Yep. And it is SO OBVIOUS isn't it - now that you have thought about it.

And in retrospect, it is so obviously used everywhere - like 4-wire sensors, voltage regulation at PSU outputs (after current shunts, copper losses, transistors etc), and any good distribution system.

You can extend most regulators - even LM317 3-terminal adjustable voltage regulator (but not the LM 78xx & 79xx - they are "fixed").

For cars etc, if you do NOT have the single-wire D+ type alternator/regulator, you can usually extend the reference to the battery - even if it is in the boot/trunk.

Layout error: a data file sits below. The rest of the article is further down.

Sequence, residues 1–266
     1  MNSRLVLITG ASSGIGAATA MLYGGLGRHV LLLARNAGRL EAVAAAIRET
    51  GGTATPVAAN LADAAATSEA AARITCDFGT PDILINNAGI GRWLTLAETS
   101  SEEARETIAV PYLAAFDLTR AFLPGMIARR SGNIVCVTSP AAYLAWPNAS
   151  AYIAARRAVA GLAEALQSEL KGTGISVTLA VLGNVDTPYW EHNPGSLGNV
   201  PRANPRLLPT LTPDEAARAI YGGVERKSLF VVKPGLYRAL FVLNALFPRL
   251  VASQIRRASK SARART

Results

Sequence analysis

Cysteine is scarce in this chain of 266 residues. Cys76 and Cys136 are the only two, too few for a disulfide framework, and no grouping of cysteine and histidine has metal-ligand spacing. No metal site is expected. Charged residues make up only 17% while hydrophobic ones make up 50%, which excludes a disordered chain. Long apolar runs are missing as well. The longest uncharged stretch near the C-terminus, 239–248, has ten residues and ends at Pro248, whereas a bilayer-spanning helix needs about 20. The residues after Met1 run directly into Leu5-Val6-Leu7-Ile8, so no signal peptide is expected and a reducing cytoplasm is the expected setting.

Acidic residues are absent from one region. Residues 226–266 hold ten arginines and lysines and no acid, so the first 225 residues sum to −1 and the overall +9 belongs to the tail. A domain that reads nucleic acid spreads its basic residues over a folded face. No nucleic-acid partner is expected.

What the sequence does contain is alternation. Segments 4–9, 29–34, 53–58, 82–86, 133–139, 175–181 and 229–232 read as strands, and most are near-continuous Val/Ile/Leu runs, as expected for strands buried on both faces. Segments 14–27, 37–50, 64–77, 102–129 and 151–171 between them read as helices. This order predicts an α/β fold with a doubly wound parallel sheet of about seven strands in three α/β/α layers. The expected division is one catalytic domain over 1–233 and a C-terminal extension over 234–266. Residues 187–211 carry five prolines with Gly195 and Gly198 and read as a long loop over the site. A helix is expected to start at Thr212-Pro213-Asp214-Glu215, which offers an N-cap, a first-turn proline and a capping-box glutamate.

Then who cares if their is a 1V or 2V drop from the alternator - the battery voltage will be spot on (eg, 14.2V).
That's why I like the (newer - ie, 30 year old) S-types - usually only a few uA is consumed to a long thin wire can be used. (Some like might be ~10mA-15mA - akin to a LED, but that is still a small wire - you can even omit the fuse!)

If over-voltage at the alternator is a problem for the front battery or front loads, then a chopper will reduce the voltage.
And that MUCH simpler and cheaper than up-converting from front to back. IE - over-set your alternator and then cut back excess voltage.
(Australians tend to buy $300 & $500 20A & 40A dc-dc converters to boost voltage to the back instead, but that's 'cos they are gullible or stupid.)